So, she's gas-lighting you and lying to your friends and family about you to turn them against you? She has real problems that are really hurting you. If she can acknowledge them and get help, there is nothing you can do except protect yourself by getting out. I'm very sorry.
posted by Garm at 2:02 PM on October 12, 2011 [12 favorites]

The best possible outcome here is that, via therapy and whatnot, your SO realizes that they've been doing this and stops doing it in the future. But the friendships you've lost as a result aren't really salvageable; generally speaking, once someone decides you're an abusive jerk, they're going to see everything you say and do through that filter.

My SO sees this is a problem for me but at times cannot control their need to vent.

This is the crux of it right here. Until your SO stops actually doing this then you have to accept that being with your SO means having this problem in your life. As long as you believe it's worth it then the only thing you can really do is keep therapy up. But - though I sincerely hope that this ends well for you, and can be salvaged - I have seen this situation more than once in my life and it has never ended well.

Can your relationship be good and healthy again? Probably, if you both work together and take the right steps. Just be aware that, until a fundamental part of her personality changes, this will be at the cost of your reputation and mental well-being.

And honestly, even if she came clean with others, they'd only think that you'd manipulated her into doing it.

I don't know. This will be difficult no matter what the outcome, and I wish you the best of luck with it.
posted by FAMOUS MONSTER at 2:10 PM on October 12, 2011 [2 favorites]

She often accuses me of things I have not done, hiding information because she forgot I told her and distort my positive or neutral actions to have negative motivations. Of course these happen at times in all relationships...

This does not happen in all -- or even most -- relationships.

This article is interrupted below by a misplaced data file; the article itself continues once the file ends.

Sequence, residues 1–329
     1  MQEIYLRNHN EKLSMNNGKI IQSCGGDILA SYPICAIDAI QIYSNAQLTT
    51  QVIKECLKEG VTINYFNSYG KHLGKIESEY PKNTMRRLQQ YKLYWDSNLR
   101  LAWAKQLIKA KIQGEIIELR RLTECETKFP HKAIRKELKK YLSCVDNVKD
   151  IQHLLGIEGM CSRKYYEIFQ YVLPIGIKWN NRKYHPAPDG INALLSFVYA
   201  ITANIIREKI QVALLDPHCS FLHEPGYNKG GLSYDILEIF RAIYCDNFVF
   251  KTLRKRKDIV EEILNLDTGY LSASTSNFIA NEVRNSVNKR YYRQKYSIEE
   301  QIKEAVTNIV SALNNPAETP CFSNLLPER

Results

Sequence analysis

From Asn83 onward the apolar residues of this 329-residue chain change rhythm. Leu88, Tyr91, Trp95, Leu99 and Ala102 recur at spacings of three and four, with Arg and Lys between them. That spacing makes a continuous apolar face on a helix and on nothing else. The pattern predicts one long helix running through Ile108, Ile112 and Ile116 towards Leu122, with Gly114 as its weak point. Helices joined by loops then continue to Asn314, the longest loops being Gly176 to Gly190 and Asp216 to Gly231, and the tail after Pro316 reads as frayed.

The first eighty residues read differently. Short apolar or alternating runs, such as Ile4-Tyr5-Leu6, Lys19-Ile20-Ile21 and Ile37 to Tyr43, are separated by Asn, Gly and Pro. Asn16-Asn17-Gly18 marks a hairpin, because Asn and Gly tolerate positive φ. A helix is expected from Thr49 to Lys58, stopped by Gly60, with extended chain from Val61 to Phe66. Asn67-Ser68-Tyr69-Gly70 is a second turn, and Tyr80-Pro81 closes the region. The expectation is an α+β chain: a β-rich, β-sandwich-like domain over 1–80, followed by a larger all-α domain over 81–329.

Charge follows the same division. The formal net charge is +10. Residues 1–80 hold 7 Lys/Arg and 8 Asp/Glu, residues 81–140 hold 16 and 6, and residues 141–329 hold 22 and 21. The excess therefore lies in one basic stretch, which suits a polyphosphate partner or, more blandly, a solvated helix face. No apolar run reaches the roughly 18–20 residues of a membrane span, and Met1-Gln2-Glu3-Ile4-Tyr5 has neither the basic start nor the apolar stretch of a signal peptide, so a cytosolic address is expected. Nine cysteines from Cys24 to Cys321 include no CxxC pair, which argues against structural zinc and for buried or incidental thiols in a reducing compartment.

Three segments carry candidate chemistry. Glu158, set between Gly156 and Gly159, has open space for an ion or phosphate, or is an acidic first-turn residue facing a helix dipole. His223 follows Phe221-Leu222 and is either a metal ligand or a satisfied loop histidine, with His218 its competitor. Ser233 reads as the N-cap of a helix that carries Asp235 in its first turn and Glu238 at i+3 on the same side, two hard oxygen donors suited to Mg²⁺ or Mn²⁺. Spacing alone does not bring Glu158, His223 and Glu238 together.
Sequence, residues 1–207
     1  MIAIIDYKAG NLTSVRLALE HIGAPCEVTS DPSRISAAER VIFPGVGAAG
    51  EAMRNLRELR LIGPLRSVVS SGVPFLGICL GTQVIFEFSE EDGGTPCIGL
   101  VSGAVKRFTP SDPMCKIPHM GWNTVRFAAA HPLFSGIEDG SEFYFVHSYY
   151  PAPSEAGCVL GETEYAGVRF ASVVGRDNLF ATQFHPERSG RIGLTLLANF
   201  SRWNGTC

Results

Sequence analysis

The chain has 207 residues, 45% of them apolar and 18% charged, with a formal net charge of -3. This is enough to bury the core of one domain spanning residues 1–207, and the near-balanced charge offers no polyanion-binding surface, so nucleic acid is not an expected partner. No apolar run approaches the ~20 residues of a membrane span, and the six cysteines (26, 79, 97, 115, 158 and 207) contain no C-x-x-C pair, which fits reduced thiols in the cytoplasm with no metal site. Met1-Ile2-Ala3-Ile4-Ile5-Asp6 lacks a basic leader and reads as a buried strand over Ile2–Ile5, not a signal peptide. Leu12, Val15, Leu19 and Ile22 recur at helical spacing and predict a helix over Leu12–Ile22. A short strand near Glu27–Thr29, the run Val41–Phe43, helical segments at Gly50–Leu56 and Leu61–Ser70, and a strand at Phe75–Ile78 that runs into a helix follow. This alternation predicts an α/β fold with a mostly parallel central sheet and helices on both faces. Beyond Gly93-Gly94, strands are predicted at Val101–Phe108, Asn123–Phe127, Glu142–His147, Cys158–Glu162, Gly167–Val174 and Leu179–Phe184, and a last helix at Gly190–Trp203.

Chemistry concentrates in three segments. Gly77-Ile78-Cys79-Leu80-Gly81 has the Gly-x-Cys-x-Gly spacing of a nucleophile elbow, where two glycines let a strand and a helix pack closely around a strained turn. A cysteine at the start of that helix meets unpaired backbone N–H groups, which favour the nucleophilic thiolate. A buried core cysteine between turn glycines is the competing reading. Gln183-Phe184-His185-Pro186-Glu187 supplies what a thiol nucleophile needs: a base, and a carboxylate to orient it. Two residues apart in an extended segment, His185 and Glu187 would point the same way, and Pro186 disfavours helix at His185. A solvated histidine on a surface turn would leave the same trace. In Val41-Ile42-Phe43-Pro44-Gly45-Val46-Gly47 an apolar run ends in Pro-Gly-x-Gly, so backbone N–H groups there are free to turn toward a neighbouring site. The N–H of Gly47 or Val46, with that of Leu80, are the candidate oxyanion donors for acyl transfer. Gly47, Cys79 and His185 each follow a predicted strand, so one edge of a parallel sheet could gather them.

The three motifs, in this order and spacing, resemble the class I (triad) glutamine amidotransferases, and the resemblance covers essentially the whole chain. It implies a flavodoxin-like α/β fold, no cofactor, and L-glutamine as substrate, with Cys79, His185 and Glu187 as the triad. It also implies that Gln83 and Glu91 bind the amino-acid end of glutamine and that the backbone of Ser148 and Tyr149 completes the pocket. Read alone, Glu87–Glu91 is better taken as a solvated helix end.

posted by coolguymichael at 2:10 PM on October 12, 2011 [53 favorites]

I really don't know what more you can do, other than encourage your girlfriend to take full responsibility for herself and the things she has said. Maybe she could work with her therapist to come up with a script she can use to clear your name among your mutual friends and family. Something along the lines of: "I've been working out some personal issues in therapy, and I want you to know that the things I said about anonymous were unfair and untrue. At the time I was feeling badly and venting, but he never did or said xyz. I love anonymous very much and he is very good to me. I am working hard to stop blaming him for my issues and I don't want you to hold my prior badmouthing against him."

If she is not willing to take responsibility for past slander and make sure it doesn't keep happening, I don't see this working out.
posted by infinityjinx at 2:21 PM on October 12, 2011 [10 favorites]

You make it sound like this relationship is going to destroy your other relationships with friends and family. Not saying DTMF but you at least need a time-out for your girlfriend to concentrate on herself before she can be a decent partner for you. Being a good partner means dedicating a little part of yourself for the other person. While she's having these serious mental health issues and working on herself, that little bit of self-sacrifice is something she can't afford. She needs to dedicate all of her mental resources to getting better. You need to let her go for her own sake. (And also for your own sake).

Publicly recanting her statements is also something I agree needs to happen.
posted by bleep at 2:33 PM on October 12, 2011 [1 favorite]